Total involvement in community programs to alleviate the urban crisis through helping to provide jobs, education and better housing for non-whites and other deprived Americans was urged on Jewish community centers in a series of resolutions adopted at the closing sessions of the National Jewish Welfare Board’s 1968 biennial convention here today. The resolutions noted that, through such activities, the JWB’s 450 affiliated community centers and Ys, and their 739,000 members, would be fulfilling their “Judaic commitments.”
Also adopted were resolutions calling for aid to Jewish merchants who were victims of recent racial disorders and urging Congress to give priority to legislation to aid the hard-core unemployed and needy. On the international scene, the convention called on the United States Government to protest the anti-Jewish campaign in Poland and protested the Soviet Union’s continued repression of Jewish cultural and religious life. The JWB saluted Israel on its 20th anniversary and gave its support to the principle of direct Israel-Arab negotiations to achieve a secure peace in the Middle East.
Louis Stern, of South Orange, N.J., was re-elected to a two-year term as president of the JWB. Mrs. Hugo Dalsheimer, a Baltimore Jewish community leader, was elected president of the World Federation of YMHAs and Jewish Community Centers.
In a resolution on the Vietnam war, the delegates urged the Government to intensify efforts to obtain a negotiated settlement and urged it to encourage “full freedom of dissent” on that issue. While expressing concern about “the use of illegal means” to register such dissent, the delegates reiterated that “free and open debate” was essential to “our democratic society.” The delegates also declared that the war had required “diversion of large national expenditures” which would otherwise be available “for needed social and economic programs.”
Sanford Solender, executive vice president of the JWB, expanded today on the theme of the convention’s major resolutions. He told the 800 delegates that the social responsibilities implicit in the values of the Jewish people and in the democratic commitments of every community agency demanded that Jewish communities and Ys contribute to the common effort to better the lot of the Negroes and the poor and to improve the inner cities. The Jewish community center, he said, can “give Jewishness relevance to contemporary social affairs” and can make an important contribution to solving the urban crisis because “it has the experience and competency in dealing with the transitional problems of changing communities.”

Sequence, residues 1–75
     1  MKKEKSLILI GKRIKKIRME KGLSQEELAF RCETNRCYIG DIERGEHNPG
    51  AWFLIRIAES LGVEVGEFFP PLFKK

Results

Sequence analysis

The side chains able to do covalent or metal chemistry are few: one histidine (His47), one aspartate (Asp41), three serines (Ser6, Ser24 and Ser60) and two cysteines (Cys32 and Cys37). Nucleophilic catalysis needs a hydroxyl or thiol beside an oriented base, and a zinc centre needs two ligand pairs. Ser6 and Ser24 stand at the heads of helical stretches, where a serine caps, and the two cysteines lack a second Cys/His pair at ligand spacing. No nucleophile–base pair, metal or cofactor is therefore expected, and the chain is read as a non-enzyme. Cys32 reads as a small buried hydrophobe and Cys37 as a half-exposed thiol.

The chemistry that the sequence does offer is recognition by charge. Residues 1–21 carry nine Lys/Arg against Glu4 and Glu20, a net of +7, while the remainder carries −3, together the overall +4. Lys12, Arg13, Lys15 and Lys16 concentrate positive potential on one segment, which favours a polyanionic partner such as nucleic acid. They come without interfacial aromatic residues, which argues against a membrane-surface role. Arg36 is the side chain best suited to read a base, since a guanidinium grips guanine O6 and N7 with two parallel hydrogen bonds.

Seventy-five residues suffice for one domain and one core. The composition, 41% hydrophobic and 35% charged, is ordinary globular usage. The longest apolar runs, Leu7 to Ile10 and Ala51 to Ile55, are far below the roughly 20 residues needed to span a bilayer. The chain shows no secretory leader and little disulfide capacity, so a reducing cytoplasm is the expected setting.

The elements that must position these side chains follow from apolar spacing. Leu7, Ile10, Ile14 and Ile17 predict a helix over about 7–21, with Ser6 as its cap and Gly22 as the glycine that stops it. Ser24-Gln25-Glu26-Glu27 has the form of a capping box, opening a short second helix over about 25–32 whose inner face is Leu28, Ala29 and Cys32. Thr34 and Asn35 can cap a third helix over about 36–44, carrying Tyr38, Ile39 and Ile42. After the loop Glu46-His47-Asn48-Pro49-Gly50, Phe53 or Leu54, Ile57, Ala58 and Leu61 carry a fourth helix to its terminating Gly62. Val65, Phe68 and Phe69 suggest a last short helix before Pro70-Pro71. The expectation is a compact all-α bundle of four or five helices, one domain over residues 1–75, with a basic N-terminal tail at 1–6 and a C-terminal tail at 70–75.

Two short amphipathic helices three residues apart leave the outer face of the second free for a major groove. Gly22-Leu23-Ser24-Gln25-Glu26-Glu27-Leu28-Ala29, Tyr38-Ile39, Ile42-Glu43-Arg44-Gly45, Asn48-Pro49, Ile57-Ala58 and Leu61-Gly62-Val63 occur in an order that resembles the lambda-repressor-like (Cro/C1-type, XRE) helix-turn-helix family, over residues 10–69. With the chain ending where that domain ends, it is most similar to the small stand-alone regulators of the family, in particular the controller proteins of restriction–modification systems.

Mr. Solender also stressed the need for unity and joint effort by all institutions on the American Jewish scene. “Organizational prerogatives must take second place to cooperative action in behalf of the whole community interest,” he said. “The grave unsolved problems of American Jewry demand no less than a pooling of knowledge, skill, organizational and even material resources in the pursuit of solutions.”
Among several urgent recommendations submitted to the convention by the JWB’s Manpower Commission was the creation of a National Training Bureau to provide qualified professional personnel to work with Jewish centers. The commission also proposed the establishment of a JWB National Scholarship and Fellowship Foundation for students preparing for employment in Centers and Ys. It recommended greater utilization of women professional workers on a part-time and full-time basis and intensification of the Jewish orientation among JCC staffs.
The Manpower Commission reported a shortage of qualified personnel to staff the 447 Jewish community centers, branches and camps across the country. There are presently 1,400 professionals employed in these agencies but approximately 200 positions remain unfilled each year and more than 100 other positions are filled inadequately because of the shortage, the Commission’s report said. At least 300 professional staff members are needed now and more will be required to staff the 60 new JCCs under construction or planned, it was reported.
Bronze medallions and scrolls symbolic of the JWB’s 1968 Frank L. Weil awards were presented to four cultural and community leaders at the banquet session last night. The recipients were Solomon Litt, president of the World Federation of YMHAs and Jewish Community Centers, Lazar Weiner, conductor and musical director of the Workmen’s Circle Chorus, and Mr. and Mrs. Daniel L. Stone, both active in JWB agencies and services.
The Archive of the Jewish Telegraphic Agency includes articles published from 1923 to 2008. Archive stories reflect the journalistic standards and practices of the time they were published.